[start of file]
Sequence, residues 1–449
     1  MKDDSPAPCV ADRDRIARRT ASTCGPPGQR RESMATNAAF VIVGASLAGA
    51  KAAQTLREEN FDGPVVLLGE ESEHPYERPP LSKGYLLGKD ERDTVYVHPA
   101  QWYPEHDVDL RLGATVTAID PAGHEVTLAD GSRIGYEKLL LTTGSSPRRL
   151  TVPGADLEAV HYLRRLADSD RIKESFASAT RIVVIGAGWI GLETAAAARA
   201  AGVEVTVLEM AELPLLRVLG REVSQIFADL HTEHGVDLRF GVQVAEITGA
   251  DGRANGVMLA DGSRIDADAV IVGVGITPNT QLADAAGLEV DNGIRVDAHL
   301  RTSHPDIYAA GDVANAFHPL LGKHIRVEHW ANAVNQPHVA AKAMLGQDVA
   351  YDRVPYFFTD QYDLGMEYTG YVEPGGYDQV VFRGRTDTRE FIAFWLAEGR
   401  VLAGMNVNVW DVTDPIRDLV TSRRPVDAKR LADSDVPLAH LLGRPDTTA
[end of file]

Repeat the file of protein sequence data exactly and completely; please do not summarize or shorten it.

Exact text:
Sequence, residues 1–449
     1  MKDDSPAPCV ADRDRIARRT ASTCGPPGQR RESMATNAAF VIVGASLAGA
    51  KAAQTLREEN FDGPVVLLGE ESEHPYERPP LSKGYLLGKD ERDTVYVHPA
   101  QWYPEHDVDL RLGATVTAID PAGHEVTLAD GSRIGYEKLL LTTGSSPRRL
   151  TVPGADLEAV HYLRRLADSD RIKESFASAT RIVVIGAGWI GLETAAAARA
   201  AGVEVTVLEM AELPLLRVLG REVSQIFADL HTEHGVDLRF GVQVAEITGA
   251  DGRANGVMLA DGSRIDADAV IVGVGITPNT QLADAAGLEV DNGIRVDAHL
   301  RTSHPDIYAA GDVANAFHPL LGKHIRVEHW ANAVNQPHVA AKAMLGQDVA
   351  YDRVPYFFTD QYDLGMEYTG YVEPGGYDQV VFRGRTDTRE FIAFWLAEGR
   401  VLAGMNVNVW DVTDPIRDLV TSRRPVDAKR LADSDVPLAH LLGRPDTTA